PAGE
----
Defending the nation against all enemies, foreign and domestic, is a tough business. That’s why the U.S. government has Sensitive Compartmented Information Facilities, where the nation’s secrets can be freely discussed by military officers, intelligence operatives and diplomats.
If you’re going to keep the bad guys out, you’ve got to think like a bad guy. That’s what makes these technical specifications about building and operating SCIFs so interesting (the Navy has helpfully posted the entire thing…and more skiff, as the term is pronounced, background here).
Highlights from the 161-page document, produced by the Office of the National Counterintelligence Executive, include:
– Hinge pins that are accessible from outside of the SCIF door shall be modified to prevent removal of the door, e.g., welded, set screws, etc.
– Every effort should be made to minimize or eliminate windows in the SCIF, especially on the ground floor.
– Windows shall be non-opening.
– The SCIF perimeter shall provide five minutes of forced-entry protection.
– Initial response time shall be five minutes.
– General construction of SCIFs shall be performed using U.S. citizens and U.S. firms.
– SCIF finish work (work that includes closing up wall structures; installing, floating, taping and sealing wallboards; installing trim, chair rail, molding, and floorboards; painting; etc.) in Category III countries [as ranked by the U.S. government’s classified Security Environment Threat List] shall be accomplished by SECRET-cleared, U.S. personnel.
– SCIF finish work (work that includes closing up wall structures; installing, floating, taping and sealing wallboards; installing trim, chair rail, molding, and floorboards; painting; etc.) in Category I and II countries shall be accomplished by TOP SECRET-cleared, U.S. personnel.
– Guards are required for SCIF construction outside the U.S.
– For building construction projects in Category III countries, cleared U.S. citizens may randomly select up to 35% of building materials from non-specific general construction materials for SCIF construction. Random selection may exceed 35% only if materials can be individually inspected.
– For building construction projects in Category I and II countries, cleared U.S. citizens may randomly select up to 25% of building materials from non-specific general construction materials for SCIF construction. Random selection may exceed 25% only if materials can be individually inspected.
– Perimeter shall meet acoustic protection standards unless designated as a nondiscussion area.
– When expanding existing SCIF space into areas not controlled at the SECRET level, maximum demolition of the new SCIF area is required.
– Following an unscheduled landing [in a flying SCIF], in U.S.-controlled or non-hostile territory, the senior SCI-indoctrinated person shall retain control of the SCI [sensitive compartmented information] material until approved storage arrangements can be effected through a local Special Security Officer or SCI indoctrinated official.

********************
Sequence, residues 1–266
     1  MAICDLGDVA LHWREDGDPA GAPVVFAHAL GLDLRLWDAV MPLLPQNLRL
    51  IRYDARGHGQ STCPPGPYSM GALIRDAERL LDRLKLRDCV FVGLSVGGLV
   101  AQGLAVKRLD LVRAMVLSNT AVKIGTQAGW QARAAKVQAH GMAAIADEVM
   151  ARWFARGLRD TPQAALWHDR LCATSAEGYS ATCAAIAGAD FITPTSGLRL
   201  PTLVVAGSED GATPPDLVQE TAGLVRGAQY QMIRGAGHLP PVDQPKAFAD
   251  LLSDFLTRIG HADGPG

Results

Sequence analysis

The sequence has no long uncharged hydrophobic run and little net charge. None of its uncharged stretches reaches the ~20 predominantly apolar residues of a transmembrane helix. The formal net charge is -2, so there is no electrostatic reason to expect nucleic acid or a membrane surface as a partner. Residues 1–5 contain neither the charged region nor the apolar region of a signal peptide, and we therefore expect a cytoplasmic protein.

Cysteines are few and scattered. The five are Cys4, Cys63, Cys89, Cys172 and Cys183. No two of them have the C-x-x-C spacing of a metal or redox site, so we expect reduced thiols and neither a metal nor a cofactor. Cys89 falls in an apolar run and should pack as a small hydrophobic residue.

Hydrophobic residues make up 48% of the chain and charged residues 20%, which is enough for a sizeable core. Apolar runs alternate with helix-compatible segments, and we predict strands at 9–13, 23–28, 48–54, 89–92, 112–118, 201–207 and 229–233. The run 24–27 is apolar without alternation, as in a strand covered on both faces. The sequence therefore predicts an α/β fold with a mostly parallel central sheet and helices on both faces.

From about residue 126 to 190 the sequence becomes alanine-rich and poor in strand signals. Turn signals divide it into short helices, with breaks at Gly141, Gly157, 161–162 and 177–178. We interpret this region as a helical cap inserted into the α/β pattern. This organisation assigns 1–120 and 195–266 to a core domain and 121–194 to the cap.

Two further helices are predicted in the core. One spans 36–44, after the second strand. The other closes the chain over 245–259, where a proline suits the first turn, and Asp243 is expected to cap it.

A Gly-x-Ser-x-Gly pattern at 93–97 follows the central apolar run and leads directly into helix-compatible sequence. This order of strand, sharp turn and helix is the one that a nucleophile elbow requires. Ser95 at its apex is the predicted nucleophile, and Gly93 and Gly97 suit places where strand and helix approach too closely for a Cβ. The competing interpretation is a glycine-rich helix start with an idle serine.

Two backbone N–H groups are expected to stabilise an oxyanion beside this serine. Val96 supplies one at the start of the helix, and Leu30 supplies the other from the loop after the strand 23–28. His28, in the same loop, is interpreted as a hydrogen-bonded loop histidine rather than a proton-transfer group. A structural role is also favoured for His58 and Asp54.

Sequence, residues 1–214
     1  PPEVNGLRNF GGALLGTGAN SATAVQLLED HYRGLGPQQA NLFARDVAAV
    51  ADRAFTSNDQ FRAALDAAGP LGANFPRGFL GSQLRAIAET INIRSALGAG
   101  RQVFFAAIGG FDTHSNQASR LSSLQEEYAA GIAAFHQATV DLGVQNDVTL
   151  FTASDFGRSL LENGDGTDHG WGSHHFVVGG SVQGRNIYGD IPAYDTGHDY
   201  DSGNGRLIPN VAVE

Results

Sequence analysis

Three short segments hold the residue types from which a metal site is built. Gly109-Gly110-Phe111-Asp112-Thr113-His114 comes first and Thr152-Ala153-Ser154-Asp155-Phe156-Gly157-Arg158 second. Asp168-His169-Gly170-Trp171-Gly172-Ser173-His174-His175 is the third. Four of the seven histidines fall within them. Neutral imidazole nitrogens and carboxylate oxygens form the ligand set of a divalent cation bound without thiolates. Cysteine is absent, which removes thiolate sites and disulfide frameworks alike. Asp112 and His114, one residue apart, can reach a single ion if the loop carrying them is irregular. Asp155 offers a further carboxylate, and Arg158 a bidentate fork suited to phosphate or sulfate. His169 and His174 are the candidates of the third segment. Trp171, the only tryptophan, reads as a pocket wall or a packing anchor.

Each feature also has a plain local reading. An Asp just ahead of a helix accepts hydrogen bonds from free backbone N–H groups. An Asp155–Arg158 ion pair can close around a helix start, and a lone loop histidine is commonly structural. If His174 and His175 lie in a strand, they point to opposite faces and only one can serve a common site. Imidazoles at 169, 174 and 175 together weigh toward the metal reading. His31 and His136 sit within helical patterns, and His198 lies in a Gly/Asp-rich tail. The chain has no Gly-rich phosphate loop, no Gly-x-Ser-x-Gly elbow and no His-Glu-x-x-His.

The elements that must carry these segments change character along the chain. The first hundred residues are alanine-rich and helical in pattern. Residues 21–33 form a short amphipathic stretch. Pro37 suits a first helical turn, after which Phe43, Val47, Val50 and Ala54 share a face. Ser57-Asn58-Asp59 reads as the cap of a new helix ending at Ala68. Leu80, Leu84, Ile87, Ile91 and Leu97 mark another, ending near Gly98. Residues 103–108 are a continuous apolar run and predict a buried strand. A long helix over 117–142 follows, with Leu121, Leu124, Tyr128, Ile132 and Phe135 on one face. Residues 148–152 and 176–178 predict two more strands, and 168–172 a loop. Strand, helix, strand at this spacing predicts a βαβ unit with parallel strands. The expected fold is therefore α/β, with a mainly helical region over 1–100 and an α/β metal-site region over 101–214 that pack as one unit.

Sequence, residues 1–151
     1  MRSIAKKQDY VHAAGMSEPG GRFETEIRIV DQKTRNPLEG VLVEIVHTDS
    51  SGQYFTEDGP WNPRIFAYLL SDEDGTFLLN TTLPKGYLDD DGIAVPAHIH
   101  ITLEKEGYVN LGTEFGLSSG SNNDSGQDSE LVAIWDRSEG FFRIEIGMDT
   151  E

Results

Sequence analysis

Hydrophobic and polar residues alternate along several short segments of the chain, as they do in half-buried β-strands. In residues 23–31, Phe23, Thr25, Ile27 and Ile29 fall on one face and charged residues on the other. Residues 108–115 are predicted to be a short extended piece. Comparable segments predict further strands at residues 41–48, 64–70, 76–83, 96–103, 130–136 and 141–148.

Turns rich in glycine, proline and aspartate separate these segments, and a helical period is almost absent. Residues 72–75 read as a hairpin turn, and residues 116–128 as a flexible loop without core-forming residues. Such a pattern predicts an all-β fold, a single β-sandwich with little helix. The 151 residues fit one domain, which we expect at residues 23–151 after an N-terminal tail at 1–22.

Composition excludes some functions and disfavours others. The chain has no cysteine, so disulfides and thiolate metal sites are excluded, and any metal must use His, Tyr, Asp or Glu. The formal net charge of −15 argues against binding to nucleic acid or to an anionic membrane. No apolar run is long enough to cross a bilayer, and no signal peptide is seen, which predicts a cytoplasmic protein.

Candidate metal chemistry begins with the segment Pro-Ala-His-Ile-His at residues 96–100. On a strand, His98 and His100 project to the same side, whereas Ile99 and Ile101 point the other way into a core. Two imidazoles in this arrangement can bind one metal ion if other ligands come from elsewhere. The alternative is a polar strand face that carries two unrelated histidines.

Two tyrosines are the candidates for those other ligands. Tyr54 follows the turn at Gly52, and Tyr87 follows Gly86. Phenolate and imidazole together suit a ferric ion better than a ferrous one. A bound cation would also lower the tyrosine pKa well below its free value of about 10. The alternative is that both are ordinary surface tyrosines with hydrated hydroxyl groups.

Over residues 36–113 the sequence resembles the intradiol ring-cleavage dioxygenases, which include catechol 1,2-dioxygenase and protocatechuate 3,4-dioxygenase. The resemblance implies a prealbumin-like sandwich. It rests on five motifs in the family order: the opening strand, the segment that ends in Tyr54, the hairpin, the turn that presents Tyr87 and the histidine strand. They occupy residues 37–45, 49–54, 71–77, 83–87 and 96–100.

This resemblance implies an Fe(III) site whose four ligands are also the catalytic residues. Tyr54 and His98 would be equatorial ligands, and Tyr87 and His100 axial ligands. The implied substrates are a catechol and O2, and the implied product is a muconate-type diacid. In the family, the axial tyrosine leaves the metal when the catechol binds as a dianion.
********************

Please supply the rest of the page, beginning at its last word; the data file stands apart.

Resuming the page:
– Prior to an unscheduled landing in unfriendly or hostile territory, every reasonable effort shall be made to destroy unencrypted SCI material and communications security equipment in accordance with the emergency destruction plan.
– The ability of a SCIF structure to retain sound within the perimeter is rated using a descriptive value, the Sound Transmission Class (STC). To satisfy the normal security standards of SCIFs, the following transmission attenuation groups have been established:
…Sound Group 3 – STC 45 or better. Loud speech from within the SCIF can be faintly heard but not understood outside of the SCIF. Normal speech is unintelligible with the unaided human ear.
…Sound Group 4 – STC 50 or better. Very loud sounds within the SCIF, such as loud singing, brass music, or a radio at full volume, can be heard with the human ear faintly or not at all outside of the SCIF.
– Sound masking devices, in conjunction with an amplifier and speakers or transducers, can be used to generate and distribute vibrations or noise; noise sources may be noise generators, tapes, discs, or digital audio players.
– Speakers/transducers must produce sound at a higher level than the voice conversations within the SCIF.
– Any sound-source generator within the SCIF that is equipped with a capability to record ambient sound shall have that capability disabled.
– Office equipment that is no longer serviceable, such as copiers and classified fax machines, shall be sanitized by having volatile memory erased and non-volatile memory and disk storage removed for terminal destruction.
– Combinations to locks installed on security containers/safes, perimeter doors, windows, and any other opening should be changed in the following circumstances:
a) When a combination lock is first installed or used.
b) When a combination has been subjected, or believed to have been subjected, to compromise.
c) Whenever a person knowing the combination no longer requires access to it unless other sufficient controls exist to prevent access to the lock.
d) At other times when considered necessary by the SO [security officer].
2. When the lock is taken out of service, it will be reset to 50-25-50.